Saudi Basic Industries Corp [SABIC:AB] – Market Cap as of 05/04/2019 $381.6bn


On March 27th 2019, the Saudi Arabian Oil Company (Saudi Aramco), signed a share purchase agreement to acquire a 70% majority stake in Saudi Basic Industries Corporation (SABIC) from the Public Investment Fund of Saudi Arabia (PIF) in a private transaction worth SAR 259.125bn, equivalent to $69.1 bn. The deal will bring together the world’s largest oil producer (Saudi Aramco) and the world’s fourth biggest petrochemicals firm into a giant with a strong vertically integrated portfolio of oil-to-chemicals.

About Saudi Arabian Oil Company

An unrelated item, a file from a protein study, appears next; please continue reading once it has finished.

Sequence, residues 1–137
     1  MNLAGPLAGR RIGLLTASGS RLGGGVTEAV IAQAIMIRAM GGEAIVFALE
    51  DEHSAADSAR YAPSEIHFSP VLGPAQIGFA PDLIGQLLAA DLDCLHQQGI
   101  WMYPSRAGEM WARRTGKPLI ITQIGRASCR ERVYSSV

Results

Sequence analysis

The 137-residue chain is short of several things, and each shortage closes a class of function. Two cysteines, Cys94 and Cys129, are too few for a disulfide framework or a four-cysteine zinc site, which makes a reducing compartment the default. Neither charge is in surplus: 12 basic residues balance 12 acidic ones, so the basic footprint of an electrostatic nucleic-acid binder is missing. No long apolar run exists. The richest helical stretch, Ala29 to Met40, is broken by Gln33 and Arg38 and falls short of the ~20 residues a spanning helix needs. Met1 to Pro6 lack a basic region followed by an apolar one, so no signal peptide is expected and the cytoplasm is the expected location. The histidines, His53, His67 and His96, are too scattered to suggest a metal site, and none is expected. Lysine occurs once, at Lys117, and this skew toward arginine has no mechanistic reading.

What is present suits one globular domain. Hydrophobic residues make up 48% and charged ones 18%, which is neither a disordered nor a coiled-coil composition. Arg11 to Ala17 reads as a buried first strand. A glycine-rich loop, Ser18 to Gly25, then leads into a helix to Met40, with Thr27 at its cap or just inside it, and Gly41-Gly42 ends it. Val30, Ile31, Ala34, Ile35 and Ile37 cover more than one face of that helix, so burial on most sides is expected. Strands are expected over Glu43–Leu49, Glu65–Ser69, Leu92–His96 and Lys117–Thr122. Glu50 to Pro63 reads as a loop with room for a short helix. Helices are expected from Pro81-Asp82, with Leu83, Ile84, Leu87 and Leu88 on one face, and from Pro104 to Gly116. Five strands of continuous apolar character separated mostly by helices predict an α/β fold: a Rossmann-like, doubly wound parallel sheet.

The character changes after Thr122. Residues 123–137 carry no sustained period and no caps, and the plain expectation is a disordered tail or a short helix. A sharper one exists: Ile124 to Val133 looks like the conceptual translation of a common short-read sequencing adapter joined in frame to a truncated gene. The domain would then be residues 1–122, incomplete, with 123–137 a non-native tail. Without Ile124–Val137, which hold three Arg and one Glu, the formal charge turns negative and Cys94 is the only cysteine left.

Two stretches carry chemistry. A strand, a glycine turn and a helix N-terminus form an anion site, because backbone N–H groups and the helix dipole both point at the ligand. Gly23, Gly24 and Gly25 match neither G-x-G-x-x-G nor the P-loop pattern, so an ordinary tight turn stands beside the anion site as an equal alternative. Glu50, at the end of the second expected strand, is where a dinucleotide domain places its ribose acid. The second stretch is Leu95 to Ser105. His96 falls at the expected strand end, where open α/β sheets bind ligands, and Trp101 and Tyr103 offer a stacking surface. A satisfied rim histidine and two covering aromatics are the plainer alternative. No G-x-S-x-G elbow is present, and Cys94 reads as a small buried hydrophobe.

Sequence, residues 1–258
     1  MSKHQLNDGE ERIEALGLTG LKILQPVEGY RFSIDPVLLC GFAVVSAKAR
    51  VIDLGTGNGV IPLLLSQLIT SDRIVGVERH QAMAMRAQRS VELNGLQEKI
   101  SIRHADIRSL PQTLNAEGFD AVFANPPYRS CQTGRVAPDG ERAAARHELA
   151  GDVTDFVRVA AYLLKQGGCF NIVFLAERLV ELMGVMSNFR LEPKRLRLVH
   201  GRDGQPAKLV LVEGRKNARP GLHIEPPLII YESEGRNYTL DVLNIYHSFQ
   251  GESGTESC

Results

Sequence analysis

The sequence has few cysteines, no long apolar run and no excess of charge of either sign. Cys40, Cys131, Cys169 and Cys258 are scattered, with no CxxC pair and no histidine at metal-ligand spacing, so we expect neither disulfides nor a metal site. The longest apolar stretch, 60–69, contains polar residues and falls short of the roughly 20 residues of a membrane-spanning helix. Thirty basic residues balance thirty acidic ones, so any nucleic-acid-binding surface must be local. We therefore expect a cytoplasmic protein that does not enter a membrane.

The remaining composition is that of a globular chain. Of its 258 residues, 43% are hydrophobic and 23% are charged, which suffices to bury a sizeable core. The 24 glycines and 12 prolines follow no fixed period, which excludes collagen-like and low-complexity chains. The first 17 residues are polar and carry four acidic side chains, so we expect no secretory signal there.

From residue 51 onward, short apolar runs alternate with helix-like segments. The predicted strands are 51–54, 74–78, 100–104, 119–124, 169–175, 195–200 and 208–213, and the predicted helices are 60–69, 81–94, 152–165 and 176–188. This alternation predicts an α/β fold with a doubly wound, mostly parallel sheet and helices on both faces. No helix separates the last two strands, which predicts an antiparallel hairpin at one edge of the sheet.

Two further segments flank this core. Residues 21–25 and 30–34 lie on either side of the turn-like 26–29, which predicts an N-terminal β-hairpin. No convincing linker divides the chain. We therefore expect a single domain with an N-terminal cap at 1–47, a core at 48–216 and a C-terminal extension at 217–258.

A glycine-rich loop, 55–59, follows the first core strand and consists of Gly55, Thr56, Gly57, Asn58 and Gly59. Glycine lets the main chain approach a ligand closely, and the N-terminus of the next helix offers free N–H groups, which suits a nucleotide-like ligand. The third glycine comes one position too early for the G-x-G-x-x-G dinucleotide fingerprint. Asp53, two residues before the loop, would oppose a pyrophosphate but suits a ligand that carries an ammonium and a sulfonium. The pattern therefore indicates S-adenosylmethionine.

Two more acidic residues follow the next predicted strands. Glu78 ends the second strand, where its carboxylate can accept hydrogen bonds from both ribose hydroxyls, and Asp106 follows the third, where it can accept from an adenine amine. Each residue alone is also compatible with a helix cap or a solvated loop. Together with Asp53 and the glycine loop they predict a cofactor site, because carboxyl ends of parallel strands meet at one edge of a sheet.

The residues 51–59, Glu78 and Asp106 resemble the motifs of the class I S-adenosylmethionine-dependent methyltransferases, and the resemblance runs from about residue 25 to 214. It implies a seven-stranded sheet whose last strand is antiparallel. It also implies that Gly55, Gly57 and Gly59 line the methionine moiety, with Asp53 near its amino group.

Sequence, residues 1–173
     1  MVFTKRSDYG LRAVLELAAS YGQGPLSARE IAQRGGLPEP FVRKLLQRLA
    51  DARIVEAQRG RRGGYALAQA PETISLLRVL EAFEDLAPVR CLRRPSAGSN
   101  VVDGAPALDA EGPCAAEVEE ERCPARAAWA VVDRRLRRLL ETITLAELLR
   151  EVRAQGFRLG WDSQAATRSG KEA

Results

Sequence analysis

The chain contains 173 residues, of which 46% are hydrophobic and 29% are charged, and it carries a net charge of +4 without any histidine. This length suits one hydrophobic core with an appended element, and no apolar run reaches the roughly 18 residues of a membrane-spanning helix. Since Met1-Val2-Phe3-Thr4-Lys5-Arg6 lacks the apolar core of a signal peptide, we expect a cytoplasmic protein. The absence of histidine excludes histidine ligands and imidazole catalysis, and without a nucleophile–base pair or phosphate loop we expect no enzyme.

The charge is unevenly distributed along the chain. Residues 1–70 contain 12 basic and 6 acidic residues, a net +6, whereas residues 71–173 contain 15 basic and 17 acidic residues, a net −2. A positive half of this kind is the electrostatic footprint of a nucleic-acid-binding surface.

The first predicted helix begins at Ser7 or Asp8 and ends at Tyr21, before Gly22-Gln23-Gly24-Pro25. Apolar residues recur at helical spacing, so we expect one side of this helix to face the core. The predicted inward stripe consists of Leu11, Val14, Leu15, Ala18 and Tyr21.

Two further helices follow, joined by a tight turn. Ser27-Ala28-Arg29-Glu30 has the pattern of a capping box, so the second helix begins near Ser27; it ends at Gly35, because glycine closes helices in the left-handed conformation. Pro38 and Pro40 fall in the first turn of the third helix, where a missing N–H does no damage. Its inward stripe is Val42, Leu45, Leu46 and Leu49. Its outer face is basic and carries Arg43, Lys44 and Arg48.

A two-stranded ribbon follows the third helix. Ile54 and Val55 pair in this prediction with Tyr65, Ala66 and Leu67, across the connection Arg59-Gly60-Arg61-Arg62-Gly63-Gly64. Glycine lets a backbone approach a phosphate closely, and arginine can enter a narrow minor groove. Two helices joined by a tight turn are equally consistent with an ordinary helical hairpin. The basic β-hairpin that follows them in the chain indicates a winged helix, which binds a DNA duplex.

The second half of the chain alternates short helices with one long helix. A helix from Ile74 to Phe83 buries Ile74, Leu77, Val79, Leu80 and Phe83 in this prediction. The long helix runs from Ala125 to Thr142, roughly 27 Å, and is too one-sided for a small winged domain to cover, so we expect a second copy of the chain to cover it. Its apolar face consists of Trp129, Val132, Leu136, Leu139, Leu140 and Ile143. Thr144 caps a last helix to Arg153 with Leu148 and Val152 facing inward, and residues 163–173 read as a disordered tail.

The Saudi Arabian Oil Company (Saudi Aramco) is Saudi Arabia’s national oil petroleum and natural gas company, founded in 1933 and based in Dhahran, Saudi Arabia. The company is fully owned by the Saudi Government and employs over 70,000 people with operations spanning the globe and including exploration, production, refining, chemicals, distribution and marketing.  Being the world’s largest oil producer in terms of revenues, it provides more than 10% of global oil production, it holds oil reserves exceeding 260bn barrels and about 300tn cubic feet of natural gas reserves. In 2018, it posted revenues of $355.9bn and a Net Income of $111,1bn. The company has been diversifying away from its core extraction businesses into petrochemicals, first with the acquisition of Germany’s Arlanxeo, a specialist chemical company, in 2018 and then with the acquisition of Saudi Basic Industries Corporation (SABIC) in 2019. The oil giant is also planning a bond issuance estimated at a minimum of $10 bn to help fund its acquisition of SABIC and has plans to go public in an IPO by 2021 once an acceptable valuation of $2tn is achieved.